6. Change in land use include both agricultural and non-agricultural uses, but the researchers stress that forests, wetlands and other vegetation types have primarily been converted to agricultural land. These land use changes again influence a variety of other factors, including the reduction of carbon sinks, the reduction of biodiversity, changes in water flows, and nitrogen and phosphorus cycles.
7. Speaking of which, biodiversity loss is the third boundary that we already surpassed. According to estimates, we are currently in the sixth major extinction event the Earth has ever known – and the first knowingly caused by humans. Humans have increased the rate of species extinction by 100–1000 times compared to the Earth’s typical extinction rates, and currently around 25% of species in well-studied groups are threatened by extinction. This has deleterious effects on system resilience (if genetic material is lost, an ecosystem might not be able to adapt to external circumstance changes as well).
8. The last two boundaries were identified, but not quantified. Atmospheric aerosol loading refers to air pollution through the emission of pollutant gases as well as land-use changes that increase the amount of dust and smoke in the air. This has both direct effects on human health as well as being a major influence on the Earth’s climate system, such as cloud formation and global-scale and regional patterns of atmospheric circulation. Highly polluted environments in tropical region have already seen shifts in monsoon systems, for example.
9. Finally, chemical pollution through the dispersion of toxic compounds such as heavy metals, synthetic organic pollutants and radioactive materials in the environment is seen to have a dangerous effect on ecosystems. Reduced rates of fertility and the potential of persistent generic damage have already been observed in bird populations and marine mammals.
Pretty heavy, right? Except for the two last points, the researchers assigned some quantitative limits to each of the concepts and therefore were able to evaluate where the Earth was doing well and where we were dangerous close to (or past) balance.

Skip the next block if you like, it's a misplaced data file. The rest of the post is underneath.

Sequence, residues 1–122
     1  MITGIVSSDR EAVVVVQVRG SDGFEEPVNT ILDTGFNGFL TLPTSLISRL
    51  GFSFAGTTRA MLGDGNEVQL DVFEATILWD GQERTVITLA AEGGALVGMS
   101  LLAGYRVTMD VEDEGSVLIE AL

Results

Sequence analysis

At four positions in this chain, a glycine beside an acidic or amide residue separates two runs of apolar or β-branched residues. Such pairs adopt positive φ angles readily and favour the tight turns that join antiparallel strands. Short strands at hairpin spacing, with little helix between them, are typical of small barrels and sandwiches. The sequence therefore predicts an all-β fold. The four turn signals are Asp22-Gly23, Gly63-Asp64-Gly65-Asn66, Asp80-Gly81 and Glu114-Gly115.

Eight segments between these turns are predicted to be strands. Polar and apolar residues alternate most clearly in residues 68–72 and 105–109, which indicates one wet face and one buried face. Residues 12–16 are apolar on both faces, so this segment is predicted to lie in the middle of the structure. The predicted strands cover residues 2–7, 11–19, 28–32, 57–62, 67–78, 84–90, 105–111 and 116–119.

The concept has its share of critics too, which argue that some of these boundaries might be negotiable, or argue against the assignment of a quantitative boundary in cases where there is no evidence of a tipping point. For example, for land use changes or biodiversity loss, how should you assign a limit if you don’t even know what the impacts of transgressing it could be? Wouldn’t that just be an arbitrary restriction to progress, development and to pragmatic policy-making? Furthermore, they contend that a global-scale concept like this only has limited regional applicability, and could even lead to adverse policy decisions, for example if nitrogen-based fertilizer were limited in parts of Africa, where it is currently underused and could contribute to significant yield increases.
Personally, I find it an illuminating – while scary – idea. I do agree with the worry, though, that it gives little in concrete policy-suggestions and might thus be shelved with other environmentalist awareness-raising efforts, never to be taken seriously – although its message certainly is very much so.
What do you think? Is it an alarmist idea with limited applicability or a crucial concept that showcases the real complexity of our environment?
Bonus: Watch Johan Rockstöm explain his concept in an inspired TED-talk: